Yesterday, the Boy had his last exam for the semester. We had discussed going out all night, really celebrating in style, but there is a transit strike going on, so going far away was completely out of the question. Instead, we took the opportunity to find a simple, easygoing, affordable restaurant near home.
After reading aloud a panoply of restaurant reviews, we finally settled on Danal, a French restaurant in the East Village. However, their kitchen closes at 10 pm, so, at 9:30 we rushed over.
Apparently, there was no need to rush. When we arrived, at 9:50, we nervously asked the maitre d' if it was too late to eat. He glanced at his watch and told us we were fine; we just had to hurry. We peeled off our layers and were seated comfortably at a table for four. Glancing around, there were two other tables, one enjoying a bottle of wine and the other finishing up dessert. At least it wasn't empty!
We were brought hand-written menus in red leather picture frames. The menu changes daily, so there is only a small assortment of dishes. However, the dishes are very varied (though mostly French influenced), with risotto, meat and fish all offered as well as several appetizer salads.
Danal itself is a cozy, comfortable restaurant. The chairs don't match the wooden tables (no tablecloths) and there are long wooden benches covered with pillows along the side. It is well-lit and the service was perfect--charming, but not overbearing.
As we began looking at the menu, the maitre d' walked over, smiling. "You don't actually have to worry. I was just teasing," he told us.
We were still ready to order as our waiter came over. We also requested a bottle of Cotes de Rhone, my favorite kind of red wine. It was a Jean-Luc Colombo 2003 Les Abeilles and was absolutely superb. Perfectly warming after the freezing air outside and slightly spicy without food, though it mellowed once we ate and complemented all our dishes.
The waiter also set down a wire basket of what tasted like Homemade Bread--multi-grain and rye, as well as a little pot of delicious butter. We were both starving, so we ate a fair amount of both breads as well as some butter. The breads also proved perfect for sopping up our sauces later on in the meal.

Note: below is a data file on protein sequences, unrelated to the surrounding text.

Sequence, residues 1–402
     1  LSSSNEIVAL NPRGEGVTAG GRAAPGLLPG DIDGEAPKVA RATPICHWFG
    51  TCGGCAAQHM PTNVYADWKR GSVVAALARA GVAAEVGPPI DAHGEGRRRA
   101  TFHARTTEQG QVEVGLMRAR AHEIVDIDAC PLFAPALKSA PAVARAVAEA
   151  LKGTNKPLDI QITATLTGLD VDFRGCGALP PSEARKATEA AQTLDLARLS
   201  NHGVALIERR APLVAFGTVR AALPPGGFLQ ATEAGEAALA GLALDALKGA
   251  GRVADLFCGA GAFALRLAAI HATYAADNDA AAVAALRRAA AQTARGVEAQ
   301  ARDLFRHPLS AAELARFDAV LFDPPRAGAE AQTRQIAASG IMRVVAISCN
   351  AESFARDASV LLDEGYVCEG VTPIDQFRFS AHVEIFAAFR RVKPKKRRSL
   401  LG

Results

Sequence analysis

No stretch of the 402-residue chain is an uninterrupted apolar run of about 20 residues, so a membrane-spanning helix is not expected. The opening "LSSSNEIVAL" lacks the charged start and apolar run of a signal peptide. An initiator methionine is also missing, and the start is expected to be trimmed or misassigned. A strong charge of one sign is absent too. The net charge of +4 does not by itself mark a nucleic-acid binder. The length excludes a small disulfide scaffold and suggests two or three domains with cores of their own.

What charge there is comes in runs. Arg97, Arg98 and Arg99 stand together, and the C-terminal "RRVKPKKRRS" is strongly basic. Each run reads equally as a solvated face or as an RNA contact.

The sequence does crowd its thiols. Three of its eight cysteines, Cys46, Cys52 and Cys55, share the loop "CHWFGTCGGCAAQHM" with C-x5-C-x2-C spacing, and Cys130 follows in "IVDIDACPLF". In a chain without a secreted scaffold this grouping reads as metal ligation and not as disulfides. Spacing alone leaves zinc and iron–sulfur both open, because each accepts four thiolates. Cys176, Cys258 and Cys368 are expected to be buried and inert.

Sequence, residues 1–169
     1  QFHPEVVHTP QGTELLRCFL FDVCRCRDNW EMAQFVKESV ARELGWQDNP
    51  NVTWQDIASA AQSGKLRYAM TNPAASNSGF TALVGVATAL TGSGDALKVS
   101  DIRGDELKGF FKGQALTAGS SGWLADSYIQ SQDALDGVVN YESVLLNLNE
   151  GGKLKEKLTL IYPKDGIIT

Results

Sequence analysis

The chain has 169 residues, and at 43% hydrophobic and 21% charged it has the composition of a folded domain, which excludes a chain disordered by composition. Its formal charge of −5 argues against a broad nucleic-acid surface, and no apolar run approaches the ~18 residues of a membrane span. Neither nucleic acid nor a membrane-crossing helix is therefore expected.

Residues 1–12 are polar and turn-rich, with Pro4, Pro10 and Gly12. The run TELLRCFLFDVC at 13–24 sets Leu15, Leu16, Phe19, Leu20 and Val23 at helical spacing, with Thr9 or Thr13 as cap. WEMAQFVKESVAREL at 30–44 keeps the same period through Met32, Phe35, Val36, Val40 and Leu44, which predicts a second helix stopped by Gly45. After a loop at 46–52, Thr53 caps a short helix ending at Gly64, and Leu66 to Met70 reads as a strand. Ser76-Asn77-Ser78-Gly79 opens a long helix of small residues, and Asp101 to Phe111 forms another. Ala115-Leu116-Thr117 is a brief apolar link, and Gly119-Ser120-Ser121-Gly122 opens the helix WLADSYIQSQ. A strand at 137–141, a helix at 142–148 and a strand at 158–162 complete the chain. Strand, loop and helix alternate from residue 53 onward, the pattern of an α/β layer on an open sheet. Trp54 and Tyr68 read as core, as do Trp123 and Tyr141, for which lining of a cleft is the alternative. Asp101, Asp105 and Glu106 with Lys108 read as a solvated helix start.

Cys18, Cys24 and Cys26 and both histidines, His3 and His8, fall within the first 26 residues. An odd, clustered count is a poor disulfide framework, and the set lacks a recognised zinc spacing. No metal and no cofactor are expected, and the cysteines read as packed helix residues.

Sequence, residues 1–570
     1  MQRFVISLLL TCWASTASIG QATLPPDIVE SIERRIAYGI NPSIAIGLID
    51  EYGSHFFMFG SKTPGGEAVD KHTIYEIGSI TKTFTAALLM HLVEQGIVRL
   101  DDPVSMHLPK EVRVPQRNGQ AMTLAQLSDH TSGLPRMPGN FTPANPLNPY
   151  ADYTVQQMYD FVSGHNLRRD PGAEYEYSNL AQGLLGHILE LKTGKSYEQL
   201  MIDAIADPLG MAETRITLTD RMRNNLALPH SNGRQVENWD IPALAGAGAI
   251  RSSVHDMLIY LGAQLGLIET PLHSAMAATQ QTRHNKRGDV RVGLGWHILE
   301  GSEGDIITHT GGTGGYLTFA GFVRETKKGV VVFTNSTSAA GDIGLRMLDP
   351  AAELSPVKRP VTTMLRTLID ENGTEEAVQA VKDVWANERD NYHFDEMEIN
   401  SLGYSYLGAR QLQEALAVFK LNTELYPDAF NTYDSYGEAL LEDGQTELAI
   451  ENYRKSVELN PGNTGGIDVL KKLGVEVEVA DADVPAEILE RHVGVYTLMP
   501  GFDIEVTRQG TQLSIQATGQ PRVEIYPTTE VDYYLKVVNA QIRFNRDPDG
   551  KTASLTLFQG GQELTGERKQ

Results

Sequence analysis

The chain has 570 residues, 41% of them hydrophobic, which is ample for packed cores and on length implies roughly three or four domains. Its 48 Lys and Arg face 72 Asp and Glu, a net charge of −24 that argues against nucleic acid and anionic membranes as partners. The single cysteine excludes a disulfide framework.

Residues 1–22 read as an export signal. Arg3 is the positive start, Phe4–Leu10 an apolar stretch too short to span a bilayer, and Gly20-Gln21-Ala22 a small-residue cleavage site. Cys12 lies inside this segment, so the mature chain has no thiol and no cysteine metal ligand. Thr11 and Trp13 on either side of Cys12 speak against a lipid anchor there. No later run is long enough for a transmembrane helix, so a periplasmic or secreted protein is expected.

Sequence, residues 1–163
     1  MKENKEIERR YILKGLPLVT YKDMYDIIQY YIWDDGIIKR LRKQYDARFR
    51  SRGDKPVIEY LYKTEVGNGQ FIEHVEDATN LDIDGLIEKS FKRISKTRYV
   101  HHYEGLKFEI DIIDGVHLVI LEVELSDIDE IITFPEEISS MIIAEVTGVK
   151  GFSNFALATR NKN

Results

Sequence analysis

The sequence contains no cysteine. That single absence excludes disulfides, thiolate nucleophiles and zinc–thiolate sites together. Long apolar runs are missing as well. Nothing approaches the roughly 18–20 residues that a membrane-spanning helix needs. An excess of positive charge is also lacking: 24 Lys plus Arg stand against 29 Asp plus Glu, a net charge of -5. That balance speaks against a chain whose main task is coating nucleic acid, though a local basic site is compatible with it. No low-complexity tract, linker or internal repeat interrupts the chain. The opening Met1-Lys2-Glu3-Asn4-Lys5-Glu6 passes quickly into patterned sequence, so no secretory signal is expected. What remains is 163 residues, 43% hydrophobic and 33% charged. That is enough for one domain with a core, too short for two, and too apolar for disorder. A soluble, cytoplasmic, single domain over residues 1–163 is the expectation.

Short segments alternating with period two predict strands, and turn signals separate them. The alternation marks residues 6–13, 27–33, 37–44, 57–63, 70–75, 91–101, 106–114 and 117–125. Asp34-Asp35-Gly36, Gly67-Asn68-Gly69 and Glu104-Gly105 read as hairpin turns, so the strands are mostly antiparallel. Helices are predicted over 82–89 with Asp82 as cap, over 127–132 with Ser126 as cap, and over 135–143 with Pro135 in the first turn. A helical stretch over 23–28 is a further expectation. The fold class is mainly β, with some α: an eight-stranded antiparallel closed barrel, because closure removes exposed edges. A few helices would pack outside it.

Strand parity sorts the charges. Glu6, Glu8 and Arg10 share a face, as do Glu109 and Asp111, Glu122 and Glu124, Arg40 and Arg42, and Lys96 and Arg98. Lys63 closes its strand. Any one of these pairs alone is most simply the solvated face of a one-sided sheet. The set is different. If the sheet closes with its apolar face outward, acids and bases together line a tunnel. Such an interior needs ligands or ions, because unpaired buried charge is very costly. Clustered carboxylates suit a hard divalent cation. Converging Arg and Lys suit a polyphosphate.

To start, the Boy had an earthenware bowl of French Onion Soup. The soup was piping hot and filled with perfectly caramelized onions. The broth too was quite tasty. Unfortunately, there was not quite enough cheese for his tastes. The Onions were really the main attraction of the soup, and well worth it.
I began with Mussels, cooked in a white wine and cream sauce with, you guessed it, lots of onions. The Mussels were plump and sweet and married wonderfully with the sauce. It was also quite a big serving of Mussels--unfortunately uncommon in the States. The sauce was so good, I almost wanted to drink it like soup, though I contented myself to soaking it up with the bread.
For his main, the Boy had a Skirt Steak with Bearnaise Sauce and Fries. I was slightly surprised by his order since he normally does not like Bearnaise on his meat. However, the sauce was wonderful--deliciously vinegary and not too sweet. It was even better on the Fries than on the Steak! The Steak itself was very simple, letting the flavor of the meat shine through. Ordered rare, it was perfectly saignant, in true French fashion.
My main was Pan-Roasted Cod Wrapped in Bacon, with Caramelized Pearl Onions and Spinach Souffle. The Cod was tender and delicate, with the Bacon lending a smoky rather than overly salty flavor. The Onions were, once again, delightful, Pearl Onions being naturally sweet and even more so once caramelized. But the best part of all was the Spinach Souffle. The Boy said it was the best Spinach he had ever had and it certainly was up there--think the lightest Creamed Spinach imaginable. Truly superb.
Surprisingly enough, we still managed to have room to share a dessert. Not wanting anything too heavy, we opted for a Cranberry-Apple Cobbler, not too sweet and very tangy due to the Cranberry. It was served warm with a small dollop of homemade Whipped Cream on top. The Cream was ever so slightly sweet, beautifully rounding out the dish.
This was a delightful, comfortable evening and a great discovery of a restaurant to which we shall certainly return.
90 East 10th Street
New York, NY
Food and Drink and Restaurant and New York and French